The Democratic members of the commission tasked with drawing new legislative boundaries for the state Legislature and House of Representatives in New York said Monday they were unlikely to reach an agreement on a set of maps with their Republican counterparts. 

The failure by the commission to come up with a compromise set of maps means the Democratic-controlled state Senate and state Assembly will have the power to draw the maps for themselves as well as members of the House in New York. 

"We reiterate our commitment to a redistricting process driven by public input and hope that the Legislature will consider the input that the Commission has solicited and collected in its work," the redistricting commission members said in a statement. "Moreover, we are proud to embody the diversity of New York, as the Constitution calls for, and believe our diversity is reflected in our approach to public input and the line-drawing process. We urge the Legislature to approach their duty in the same spirit."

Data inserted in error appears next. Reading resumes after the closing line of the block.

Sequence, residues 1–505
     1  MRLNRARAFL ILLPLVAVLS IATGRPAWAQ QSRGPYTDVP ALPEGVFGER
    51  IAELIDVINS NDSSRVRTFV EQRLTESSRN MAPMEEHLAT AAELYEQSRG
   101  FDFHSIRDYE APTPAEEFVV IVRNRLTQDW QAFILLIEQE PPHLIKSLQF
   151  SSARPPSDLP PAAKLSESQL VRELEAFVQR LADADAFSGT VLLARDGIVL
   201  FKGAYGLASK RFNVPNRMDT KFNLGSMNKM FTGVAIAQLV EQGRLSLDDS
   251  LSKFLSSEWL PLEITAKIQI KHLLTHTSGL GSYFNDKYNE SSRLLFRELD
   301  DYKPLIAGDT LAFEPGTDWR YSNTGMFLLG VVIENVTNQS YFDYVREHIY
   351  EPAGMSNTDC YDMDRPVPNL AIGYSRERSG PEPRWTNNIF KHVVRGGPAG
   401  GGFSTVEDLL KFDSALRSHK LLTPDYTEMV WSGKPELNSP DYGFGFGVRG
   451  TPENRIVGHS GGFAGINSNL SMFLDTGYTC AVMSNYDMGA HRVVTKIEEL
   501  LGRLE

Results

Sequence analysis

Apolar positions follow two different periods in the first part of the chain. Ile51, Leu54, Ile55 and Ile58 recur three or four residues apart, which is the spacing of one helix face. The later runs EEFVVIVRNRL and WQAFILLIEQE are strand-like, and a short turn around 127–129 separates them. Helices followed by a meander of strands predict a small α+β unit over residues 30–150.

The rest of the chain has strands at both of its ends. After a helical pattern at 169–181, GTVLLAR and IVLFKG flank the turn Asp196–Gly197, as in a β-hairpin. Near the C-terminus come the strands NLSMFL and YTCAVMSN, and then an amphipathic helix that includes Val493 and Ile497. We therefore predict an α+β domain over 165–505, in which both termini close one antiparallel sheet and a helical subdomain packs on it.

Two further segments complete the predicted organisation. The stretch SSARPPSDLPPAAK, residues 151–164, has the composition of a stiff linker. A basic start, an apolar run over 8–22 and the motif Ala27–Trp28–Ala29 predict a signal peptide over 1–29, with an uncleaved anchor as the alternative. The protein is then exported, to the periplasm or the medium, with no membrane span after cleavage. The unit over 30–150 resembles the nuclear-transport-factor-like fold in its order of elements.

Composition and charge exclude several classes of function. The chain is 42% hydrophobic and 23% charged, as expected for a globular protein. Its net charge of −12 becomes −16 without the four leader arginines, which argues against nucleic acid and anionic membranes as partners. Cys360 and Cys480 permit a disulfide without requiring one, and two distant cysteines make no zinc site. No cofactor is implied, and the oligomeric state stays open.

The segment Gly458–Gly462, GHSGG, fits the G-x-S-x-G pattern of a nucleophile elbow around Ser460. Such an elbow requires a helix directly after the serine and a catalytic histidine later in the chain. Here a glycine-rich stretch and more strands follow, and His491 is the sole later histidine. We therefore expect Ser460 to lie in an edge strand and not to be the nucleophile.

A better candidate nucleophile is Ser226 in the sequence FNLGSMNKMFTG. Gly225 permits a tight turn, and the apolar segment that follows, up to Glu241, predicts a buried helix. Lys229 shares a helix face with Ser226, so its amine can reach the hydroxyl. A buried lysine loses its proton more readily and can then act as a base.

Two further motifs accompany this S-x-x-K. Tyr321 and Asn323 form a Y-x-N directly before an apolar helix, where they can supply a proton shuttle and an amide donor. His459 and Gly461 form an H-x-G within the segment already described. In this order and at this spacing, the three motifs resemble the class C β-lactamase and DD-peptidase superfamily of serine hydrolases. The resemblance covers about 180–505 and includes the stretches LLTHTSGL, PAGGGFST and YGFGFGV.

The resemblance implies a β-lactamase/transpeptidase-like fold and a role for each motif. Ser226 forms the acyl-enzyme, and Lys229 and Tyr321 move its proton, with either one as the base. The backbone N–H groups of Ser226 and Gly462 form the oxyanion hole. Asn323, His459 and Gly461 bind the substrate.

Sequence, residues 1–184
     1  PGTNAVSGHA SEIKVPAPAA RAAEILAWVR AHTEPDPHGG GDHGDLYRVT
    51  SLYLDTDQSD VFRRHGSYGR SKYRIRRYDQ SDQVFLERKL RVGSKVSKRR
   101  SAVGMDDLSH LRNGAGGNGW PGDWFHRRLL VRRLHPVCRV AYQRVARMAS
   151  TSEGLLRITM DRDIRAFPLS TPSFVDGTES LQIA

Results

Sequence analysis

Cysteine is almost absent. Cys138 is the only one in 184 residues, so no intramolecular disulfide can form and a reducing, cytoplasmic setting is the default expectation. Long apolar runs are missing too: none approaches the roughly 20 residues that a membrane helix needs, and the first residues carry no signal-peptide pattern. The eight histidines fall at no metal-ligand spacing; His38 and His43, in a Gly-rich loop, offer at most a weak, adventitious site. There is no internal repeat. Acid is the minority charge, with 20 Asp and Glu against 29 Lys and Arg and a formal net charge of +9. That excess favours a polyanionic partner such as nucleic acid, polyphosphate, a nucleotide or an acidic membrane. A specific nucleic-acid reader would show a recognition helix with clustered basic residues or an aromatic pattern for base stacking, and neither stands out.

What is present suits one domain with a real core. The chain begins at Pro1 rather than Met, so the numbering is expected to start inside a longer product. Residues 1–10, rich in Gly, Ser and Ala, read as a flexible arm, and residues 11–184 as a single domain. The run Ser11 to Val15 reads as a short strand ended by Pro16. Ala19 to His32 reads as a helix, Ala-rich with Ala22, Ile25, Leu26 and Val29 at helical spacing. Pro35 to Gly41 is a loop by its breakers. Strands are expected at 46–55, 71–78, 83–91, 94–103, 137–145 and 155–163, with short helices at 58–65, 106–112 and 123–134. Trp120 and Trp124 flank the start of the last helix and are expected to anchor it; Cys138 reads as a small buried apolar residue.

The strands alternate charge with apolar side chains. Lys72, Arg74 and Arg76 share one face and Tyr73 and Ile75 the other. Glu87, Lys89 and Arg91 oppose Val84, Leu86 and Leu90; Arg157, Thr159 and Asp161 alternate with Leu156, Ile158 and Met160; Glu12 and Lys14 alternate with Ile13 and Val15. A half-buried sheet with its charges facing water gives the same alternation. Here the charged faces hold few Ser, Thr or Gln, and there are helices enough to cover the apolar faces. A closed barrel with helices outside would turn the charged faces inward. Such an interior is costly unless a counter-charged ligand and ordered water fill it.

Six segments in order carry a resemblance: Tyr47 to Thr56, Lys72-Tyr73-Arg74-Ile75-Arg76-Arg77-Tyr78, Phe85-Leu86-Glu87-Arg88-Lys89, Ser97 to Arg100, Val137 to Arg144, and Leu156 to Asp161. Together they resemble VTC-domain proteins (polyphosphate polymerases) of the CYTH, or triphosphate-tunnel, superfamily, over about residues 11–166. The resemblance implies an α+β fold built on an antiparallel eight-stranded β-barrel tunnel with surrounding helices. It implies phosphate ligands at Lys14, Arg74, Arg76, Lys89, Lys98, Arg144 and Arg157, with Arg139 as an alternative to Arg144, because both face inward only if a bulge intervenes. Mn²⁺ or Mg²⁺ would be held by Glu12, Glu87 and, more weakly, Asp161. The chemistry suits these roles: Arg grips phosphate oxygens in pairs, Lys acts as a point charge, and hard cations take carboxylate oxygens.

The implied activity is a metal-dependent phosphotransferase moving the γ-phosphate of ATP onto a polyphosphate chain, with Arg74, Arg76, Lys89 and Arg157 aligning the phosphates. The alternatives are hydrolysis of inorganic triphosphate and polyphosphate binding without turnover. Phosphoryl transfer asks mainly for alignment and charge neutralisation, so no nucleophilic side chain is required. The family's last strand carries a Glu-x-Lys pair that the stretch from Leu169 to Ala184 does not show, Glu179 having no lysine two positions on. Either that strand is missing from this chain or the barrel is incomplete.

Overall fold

The Republicans on the commission, meanwhile, blamed the Democratic members. 

"The Democrat appointed commissioners have no incentive to work cooperatively toward a consensus plan and, in fact, they purposely scuttled the process so that the determination of district lines would be tossed back to a legislature controlled by democrat super-majorities," they said in a statement.

The commission had been established as a constitutional "reform" — a way of removing the process from the control of the state Legislature. Often state lawmakers had been accused of drawing lines meant to maximize the leverage of those already in power and allow elected officials, in effect, to choose their own voters. 

But lawmakers in Albany this month rejected an initial and competing set of maps drawn by Republican and Democratic members of the commission. 

The development on Monday comes as Democrats nationally are expected to suffer deep losses in midterm elections; a Democratic-leaning House map in New York could aid the party's efforts in trying to staunch the electoral bleeding expected this November.